Chesky Audio C-1 - Who has heard them?

They have some good press and they look very interesting on their website. Who has actually heard the C-1 or bought them? Are they as good as others claim?

Heard 'em at the big show (Home Entertainment Expo?) in New York, 2001 I think. As I recall, they'd just been released into the market, so the latest may be improvements on the original. To my ears, they were most impressive--very musical and non-fatiguing (which was notable to me after a half day of listening to other systems). Of course, the electronics driving the speakers and the room acoustics were factors, but I do remember the speakers most of all. Nice to look at, too.
I heard them at HE2003 in SF, driven by Atmasphere monoblocks. Other associated gear was MSB Super DVD Audio Player with analog volume control and Silver Audio cables. I currently own Meadowlark Heron-i and was attracted to them due to their compact size and specifications (especially the SEAS drivers).
I spent close to two hours in the room playing mostly redbook CDs of every genre (jazz, rock, etc. however mostly concentrating on classical). They produce a most beautiful sound with refined pearly tone, hence non-fatiguing. I could listen to them all day. Nice imaging, depth and height. Good resolution and focus: details are all there but in perspective. Nice PRaT. They gave you the sense of being there (you can feel the room pressurized at orchestral crescendos, uncanny realism). They almost trounced my Heron-i’s (and this is quite impressive), until I started playing renaissance, baroque and medieval music. This repertoire presents a lot of high treble energy from various woodwind instruments. This is where the C-1s reveal their only weakness. The liveliness that I heard before with other music was gone and was replaced by a cool and dull presentation. I spoke with the designer Brian Ganz who is also the designer for Voce Divina speakers. I found out from him that the SEAS Millenium tweeter used in the C-1 was a modified version. This may be the cause for the roll-off I heard. However, Brian insisted that this dullness was due to the impedance matching device that was used between the Atmasphere and the C-1.
In the end, I decided not to by them. There’s a pair currently for sale here at a very good price. If you don’t listen to renaissance baroque repertoire, then you have nothing to worry about. Good luck.
A friend of mine owns a pair so I'm quite familiar with them. I couldn't imagine a better speaker for small to medium sized rooms. No, they won't pound you with bass, but what's coming out of them is very articulate, refined and highly musical. Intersting, but in my opinion, classical music is what they are especially good at. Strings sound so airy and sweet and I've never thought they were dull sounding. Actually, the refinement and extension of the treble is quite remarkable.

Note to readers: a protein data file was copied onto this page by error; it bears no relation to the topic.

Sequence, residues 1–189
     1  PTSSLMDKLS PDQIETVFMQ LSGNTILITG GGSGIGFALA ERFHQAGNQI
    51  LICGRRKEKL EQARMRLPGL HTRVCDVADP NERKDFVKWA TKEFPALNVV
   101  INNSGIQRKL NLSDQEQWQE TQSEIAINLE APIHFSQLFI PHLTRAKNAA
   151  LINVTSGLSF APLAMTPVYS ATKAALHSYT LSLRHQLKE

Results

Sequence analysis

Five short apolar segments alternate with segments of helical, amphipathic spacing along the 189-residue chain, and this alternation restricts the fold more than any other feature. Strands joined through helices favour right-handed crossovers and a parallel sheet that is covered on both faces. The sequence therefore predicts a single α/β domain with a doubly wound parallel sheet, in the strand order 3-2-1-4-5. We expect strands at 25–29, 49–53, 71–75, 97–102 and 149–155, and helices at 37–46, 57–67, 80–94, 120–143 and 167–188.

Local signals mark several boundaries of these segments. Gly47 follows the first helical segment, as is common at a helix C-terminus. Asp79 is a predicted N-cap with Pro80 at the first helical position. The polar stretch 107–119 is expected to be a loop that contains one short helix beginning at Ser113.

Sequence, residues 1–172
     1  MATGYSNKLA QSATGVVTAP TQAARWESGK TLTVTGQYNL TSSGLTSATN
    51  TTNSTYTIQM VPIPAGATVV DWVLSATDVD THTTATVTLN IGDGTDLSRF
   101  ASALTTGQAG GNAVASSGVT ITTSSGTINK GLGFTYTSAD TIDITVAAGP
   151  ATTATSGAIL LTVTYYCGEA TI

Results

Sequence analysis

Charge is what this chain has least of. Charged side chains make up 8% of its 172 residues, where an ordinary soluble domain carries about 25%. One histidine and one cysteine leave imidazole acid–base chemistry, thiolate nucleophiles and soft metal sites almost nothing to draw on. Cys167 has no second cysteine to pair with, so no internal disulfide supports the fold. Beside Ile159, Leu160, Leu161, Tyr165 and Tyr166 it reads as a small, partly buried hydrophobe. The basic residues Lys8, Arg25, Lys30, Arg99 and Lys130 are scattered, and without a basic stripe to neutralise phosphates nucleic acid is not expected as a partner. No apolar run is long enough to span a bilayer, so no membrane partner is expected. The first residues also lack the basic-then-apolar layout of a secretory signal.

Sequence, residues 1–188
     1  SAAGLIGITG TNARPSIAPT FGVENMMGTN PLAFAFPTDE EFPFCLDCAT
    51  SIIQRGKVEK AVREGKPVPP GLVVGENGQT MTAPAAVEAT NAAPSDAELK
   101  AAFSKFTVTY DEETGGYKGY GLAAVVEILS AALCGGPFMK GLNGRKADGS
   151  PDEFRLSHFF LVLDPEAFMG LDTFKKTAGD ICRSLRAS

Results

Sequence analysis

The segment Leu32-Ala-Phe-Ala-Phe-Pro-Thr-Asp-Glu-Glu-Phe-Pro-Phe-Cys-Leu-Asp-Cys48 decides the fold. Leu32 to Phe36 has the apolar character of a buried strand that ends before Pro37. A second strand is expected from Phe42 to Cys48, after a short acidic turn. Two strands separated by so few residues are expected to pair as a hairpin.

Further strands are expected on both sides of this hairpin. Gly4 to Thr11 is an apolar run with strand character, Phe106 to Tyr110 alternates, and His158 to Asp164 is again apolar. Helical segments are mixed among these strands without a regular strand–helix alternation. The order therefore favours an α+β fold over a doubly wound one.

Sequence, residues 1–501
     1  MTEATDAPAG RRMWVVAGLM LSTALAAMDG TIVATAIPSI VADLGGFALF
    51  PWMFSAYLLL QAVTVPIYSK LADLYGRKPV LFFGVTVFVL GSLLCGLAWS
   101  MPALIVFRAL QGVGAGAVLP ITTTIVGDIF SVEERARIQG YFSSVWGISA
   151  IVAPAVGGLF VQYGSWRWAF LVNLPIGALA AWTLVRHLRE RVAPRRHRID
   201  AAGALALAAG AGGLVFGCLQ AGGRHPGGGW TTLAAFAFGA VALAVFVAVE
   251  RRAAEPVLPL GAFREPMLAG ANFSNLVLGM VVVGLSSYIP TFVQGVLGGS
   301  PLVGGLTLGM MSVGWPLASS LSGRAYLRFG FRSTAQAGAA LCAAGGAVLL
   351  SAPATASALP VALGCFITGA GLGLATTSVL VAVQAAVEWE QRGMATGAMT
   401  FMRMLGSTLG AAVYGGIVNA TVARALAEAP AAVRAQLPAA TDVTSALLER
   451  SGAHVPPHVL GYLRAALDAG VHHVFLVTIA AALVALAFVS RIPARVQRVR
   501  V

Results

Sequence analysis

I agree with you. The C-1s are great with the majority of classical music and other music as well. They only fell short with Renaissance Baroque repertoire of which I listen to frequently. The treble energy in Renaissance music (hurdy-hurdy, recorder, sackbutt etc.) is very hard to reproduce. It either comes across as hard and edgy (too extended) or liveless and dull (not extended).
When I played this repertoire on the C-1s, the presentation was no match for the one I heard them with other music. I guess the C-1s do other things so well that in comparison, the short-fall seems rather pronounced IMHO.
Like I said, if you don't listen to this repertoire, by all means consider them on your short-list.
They produce a sweet sound that's very addictive. In comparison with the Totems for example, the Chesky C-1s possess an introverted personality while the Forests possess an extroverted personality. The latter wears its heart on its sleeves more apparently and more often.
Thanks for your responses. This will be a speaker I will strongly consider. My listening room is 29 x 17 with the speakers on the shorter wall, would the C-1 get lost in this size room? I normally listen around 35db - 50 db jazz, classical, rock and any type of female vocals.

Thanks, Bob
Hello Bob,

I take it you normally listen at very low volume levels (35-50 dB seems extremely low to me, but maybe I just need new batteries for my hearing aid). If you get the chance, audition a full-range electrostat before committing to the Chesky's. I personally really like the original Quad ESL (the "57"), but you might also consider the Martin Logan CLS or any of the newer Quads (63, 988, 989). The reason is, full-range electrostats have superb clarity and inner detail at low volulme levels. And it is very rare for a multi-way system using conventional drivers to really come to life at low volume levels. Maggies likewise - they need to be cranked up a bit before they sound right.

Also, for very low volume listening, I find tubes generally sound better than solid state.

Just my $.02. Now off to buy that new hearing aid battery...

The average background level in a typical home is in the 40 to 50 dB range so it's highly unlikely that Bob is listening at 35-50dB. Even normal conversation is around 55-60dB. Suggest you check you actual levels with an SPL meter.
I use a BAT integrated and my CDP is fully balanced (Electrompaniet) when I purchased a XLR balanced IC for my CDP it dramaticily increased the volume level, so 35 -50B is my normal listening level. I will occasionally listen at a high level like 80DB - 90 DB. Thanks for your feedback.